Where will the right kind of marital love come from if God is not central to the marriage? Agape is the giving of self.

I am crucified with Christ: nevertheless I live; yet not I, but Christ liveth in me: and the life which I now live in the flesh I live by the faith of the Son of God, who loved [agape] me, and gave himself for me.

Galatians 2:20, emphasis and parenthetical agape added

“But,” some have replied, “my spouse is just not worthy of that kind of love.” What better way to show agape love? We should seize opportunities to love the unworthy.

Will agape love always be reciprocated? Not always, but more often than not, it will.

We love him, because he first loved us.

I John 4:19

If it is not reciprocated, Christ is still glorified when we love selflessly.

Agape love is antithetical to cruelty. Cruelty is caused by bad feelings. But will there ever be a time in marriage when we don’t have some type of bad feelings? Cruelty is bad feelings untempered by love.

In marriage will there get to be a time when there is never a lack of affection? Lack of affection is not the result of bad feelings as much as the result of an absence of feelings. Lack of feelings means an absence of motivating love. Resentment; selfishness; an unjust sense of entitlement: these things are inescapable in a marriage. But they are not really a major problem unless they outrun love. True Christian love – agape – is just that: actively loving the one who does not deserve love.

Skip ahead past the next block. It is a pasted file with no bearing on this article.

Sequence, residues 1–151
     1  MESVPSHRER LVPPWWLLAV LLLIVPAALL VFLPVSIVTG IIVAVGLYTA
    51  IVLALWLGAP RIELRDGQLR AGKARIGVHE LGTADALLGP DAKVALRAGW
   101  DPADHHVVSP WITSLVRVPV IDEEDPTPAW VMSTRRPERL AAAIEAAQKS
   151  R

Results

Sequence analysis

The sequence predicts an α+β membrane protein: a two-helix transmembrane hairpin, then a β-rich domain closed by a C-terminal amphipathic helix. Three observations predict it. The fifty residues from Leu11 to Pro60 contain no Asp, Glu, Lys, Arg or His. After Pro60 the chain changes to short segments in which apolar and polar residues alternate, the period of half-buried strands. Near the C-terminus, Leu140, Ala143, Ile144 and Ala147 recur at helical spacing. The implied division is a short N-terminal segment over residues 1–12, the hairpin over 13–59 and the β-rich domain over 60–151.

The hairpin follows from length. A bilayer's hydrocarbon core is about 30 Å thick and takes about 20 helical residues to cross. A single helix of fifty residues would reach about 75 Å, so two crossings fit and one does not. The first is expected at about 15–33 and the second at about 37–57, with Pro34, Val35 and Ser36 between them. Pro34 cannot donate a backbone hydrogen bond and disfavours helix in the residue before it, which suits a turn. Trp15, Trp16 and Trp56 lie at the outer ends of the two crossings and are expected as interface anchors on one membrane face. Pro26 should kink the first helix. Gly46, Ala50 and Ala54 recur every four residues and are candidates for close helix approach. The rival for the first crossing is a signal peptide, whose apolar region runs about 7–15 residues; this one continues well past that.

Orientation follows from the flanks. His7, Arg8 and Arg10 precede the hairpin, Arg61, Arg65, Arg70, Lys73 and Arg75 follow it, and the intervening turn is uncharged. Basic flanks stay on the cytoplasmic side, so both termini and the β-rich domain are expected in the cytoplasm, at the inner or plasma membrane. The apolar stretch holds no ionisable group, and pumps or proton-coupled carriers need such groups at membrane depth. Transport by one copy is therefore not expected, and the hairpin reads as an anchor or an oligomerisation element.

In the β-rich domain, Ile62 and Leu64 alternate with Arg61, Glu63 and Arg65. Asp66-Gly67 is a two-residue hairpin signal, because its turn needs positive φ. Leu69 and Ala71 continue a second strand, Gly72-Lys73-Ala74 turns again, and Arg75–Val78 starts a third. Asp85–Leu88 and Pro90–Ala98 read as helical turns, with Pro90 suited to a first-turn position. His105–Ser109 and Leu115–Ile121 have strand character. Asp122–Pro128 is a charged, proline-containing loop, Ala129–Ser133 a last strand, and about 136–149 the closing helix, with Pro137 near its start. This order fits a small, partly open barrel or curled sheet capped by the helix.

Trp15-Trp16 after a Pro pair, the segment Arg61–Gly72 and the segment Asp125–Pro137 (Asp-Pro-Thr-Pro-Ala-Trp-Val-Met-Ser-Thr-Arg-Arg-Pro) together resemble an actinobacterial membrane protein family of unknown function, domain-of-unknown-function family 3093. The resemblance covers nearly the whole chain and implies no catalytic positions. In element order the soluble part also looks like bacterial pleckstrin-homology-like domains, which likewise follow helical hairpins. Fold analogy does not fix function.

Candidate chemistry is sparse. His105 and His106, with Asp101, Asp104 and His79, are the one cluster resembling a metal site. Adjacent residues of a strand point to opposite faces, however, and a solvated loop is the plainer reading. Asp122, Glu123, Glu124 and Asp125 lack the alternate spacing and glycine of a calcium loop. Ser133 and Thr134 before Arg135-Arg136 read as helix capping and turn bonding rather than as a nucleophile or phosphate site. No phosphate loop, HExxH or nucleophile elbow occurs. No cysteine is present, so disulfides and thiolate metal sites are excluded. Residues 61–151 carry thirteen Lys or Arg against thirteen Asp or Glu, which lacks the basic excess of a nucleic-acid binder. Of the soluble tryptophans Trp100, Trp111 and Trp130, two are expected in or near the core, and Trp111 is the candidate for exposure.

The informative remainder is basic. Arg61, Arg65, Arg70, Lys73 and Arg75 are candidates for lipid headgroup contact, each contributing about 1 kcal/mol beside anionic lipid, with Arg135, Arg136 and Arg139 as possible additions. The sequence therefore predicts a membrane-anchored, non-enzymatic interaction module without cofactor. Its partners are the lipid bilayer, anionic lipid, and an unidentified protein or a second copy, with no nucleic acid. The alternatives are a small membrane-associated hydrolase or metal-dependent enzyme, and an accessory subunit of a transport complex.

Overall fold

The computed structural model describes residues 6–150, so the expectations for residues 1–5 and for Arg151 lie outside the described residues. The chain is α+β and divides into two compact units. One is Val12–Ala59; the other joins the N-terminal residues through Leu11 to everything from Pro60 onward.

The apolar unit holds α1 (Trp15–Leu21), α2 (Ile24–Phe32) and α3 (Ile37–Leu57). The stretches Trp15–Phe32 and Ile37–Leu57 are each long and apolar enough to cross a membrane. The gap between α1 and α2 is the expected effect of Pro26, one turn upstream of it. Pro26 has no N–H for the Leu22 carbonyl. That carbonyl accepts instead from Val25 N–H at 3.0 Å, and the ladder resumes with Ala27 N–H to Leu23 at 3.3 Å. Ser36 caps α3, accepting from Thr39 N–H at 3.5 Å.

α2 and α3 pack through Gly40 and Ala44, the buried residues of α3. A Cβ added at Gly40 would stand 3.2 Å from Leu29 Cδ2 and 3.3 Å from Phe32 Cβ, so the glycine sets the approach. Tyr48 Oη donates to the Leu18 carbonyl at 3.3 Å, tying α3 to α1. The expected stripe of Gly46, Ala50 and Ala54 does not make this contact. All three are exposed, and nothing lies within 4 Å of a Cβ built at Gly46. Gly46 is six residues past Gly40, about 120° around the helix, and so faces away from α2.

For the person who is married, here is a good working definition of “love” to always keep in mind: True love is a giving of oneself for someone else with two main goals in view:

1. That the person being loved receives grace and mercy.
2. That the person being loved is directed more toward righteousness (toward conformity to Christ).

Remember what Jesus told the woman who had been caught in adultery after all her accusers had left because none of them had been willing to throw the first stone at her. Jesus told her to “go” (grace and mercy) and to “sin no more” (directing her toward righteousness). This definition makes sure that our understanding of the 4 “S”s of marriage does not lead us to the conclusion that we should be hard to live with on purpose in order to help the other person be more like Jesus.

Agape is not getting. Agape is giving. We must be willing to give up things for our spouses, even if they won’t give up things for us. We must make sure we are giving to meet our spouses’ needs, but not in order to get our selfish desires met as trade-offs for what we are sacrificing. Loving someone who does not want to be loved is hard. Crying babies hate it when Mom scrubs their face with a washcloth, but we would not think that a mother who never wiped food, snot, and dirt off her child’s face really loved that child.